Yesterday, instead of taking the bus, Kate, Isabel, and I walked back to Agdal after school ended.
I like that I’ve recently gotten into a habit of walking everywhere: from the thirty-minute walks with Kate to and from Saturday French class, to just walking around Agdal and finding WiFi cafés where I can complete college applications.
Back in the US, I’ve always wanted to walk back home from Raleigh Charter at least once, but I’d have had to pick an early release day because I live a forty-minute drive (so six-hour walk!) away from downtown Raleigh. School here, though, is close to where I live—an hour-long walk. But walking home comes with its own
First: the map! I learned my lesson over the weekend, when Kate and I got lost while walking to a Halloween party because 1) Facebook Maps had given me a different location than the actual location, 2) neither of our phones has mobile data, and 3) we knew the address but not any nearby landmarks. Back in NC, what I did when it came to finding a location was looking it up on Google before I left and then slowly figuring it out once I got in the general area. Here, though, addresses don’t really exist (i.e. they technically are present, but you can’t always Google an address and expect it to know where you’re going), and navigation happens by landmarks.
Second: since three of us wanted to walk home, we had to do it on a Thursday. Isabel and I are in Science Maths, and Kate’s in Science Éco—and on the days that we don’t leave at different times, we have meetings or classes at AMIDEAST right after school.
Third: making sure that it wouldn’t rain. I seriously thought it would rain, because the sky looked like this for the whole day:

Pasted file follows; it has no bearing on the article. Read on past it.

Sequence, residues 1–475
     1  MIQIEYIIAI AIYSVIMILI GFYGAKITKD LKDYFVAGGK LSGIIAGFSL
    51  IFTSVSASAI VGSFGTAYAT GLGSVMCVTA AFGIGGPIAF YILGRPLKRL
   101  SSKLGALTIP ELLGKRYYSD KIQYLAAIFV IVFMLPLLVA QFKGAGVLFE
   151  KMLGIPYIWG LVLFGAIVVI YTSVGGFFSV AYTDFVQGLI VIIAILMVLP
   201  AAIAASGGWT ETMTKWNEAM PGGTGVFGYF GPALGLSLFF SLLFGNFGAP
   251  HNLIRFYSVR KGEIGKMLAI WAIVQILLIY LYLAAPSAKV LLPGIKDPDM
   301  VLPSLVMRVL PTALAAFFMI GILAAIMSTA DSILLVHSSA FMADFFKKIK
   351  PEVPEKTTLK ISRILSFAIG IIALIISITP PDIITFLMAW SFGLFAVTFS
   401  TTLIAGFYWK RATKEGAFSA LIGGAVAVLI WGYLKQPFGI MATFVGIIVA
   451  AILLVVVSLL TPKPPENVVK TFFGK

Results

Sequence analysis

But it didn’t rain! It was windy, though, which was completely fine, especially with the eighty-five degree weather.
So we walked home. Before meeting Kate back at school to walk home, though, we Science Maths students walked around a little bit of Takadoum and Souissi (neighboring neighborhoods of Rabat) with our friend, Houda, who lives in the area. It’s a combination of lots of little parts that make me appreciate things like long walks.
Highlights of yesterday’s walking:
- discovered a delicious boulangerie; Houda’s family buys bread there. Also, saw a pet store for the first time in Morocco!
- Khalti Amina and 3ammi Wardi, the bus auntie and bus uncle on our route, waved when they passed us. 3ammi Wardi slowed down the bus, looked at us, shrugged his shoulders, and jokingly said, “Shnu?” (“what”) Gosh, I love the people running my bus route so, so much. I forgot 3ammi Wardi’s name once, and now, whenever he sees me, he says “3ammi?” (“uncle” in Darija), expecting me to complete it with “Wardi.” !!!
- crossed a six-lane street by taking it slow, one lane at a time
- found out from Isabel and Kate that the little rooms outside the villas are for security guards
- walked around the Hilton Forest to get home b/c the forest was closed for insecticides
- wore sunglasses in cloudy weather because of lots of wind (I feel like a badass wearing sunglasses even though they impede your vision)
- walked in two very different parts of Rabat. It seems like everything changes once you reach Souissi (where there are lots of villas everywhere and it’s mostly residential, pretty but kind of an artificially pretty feel).
- just felt so good to be outside, I do most of my exercise at the gym nowadays so being around fresh air and sun and people energizes me so much.
I look forward to walking home again in the future!! Can’t wait.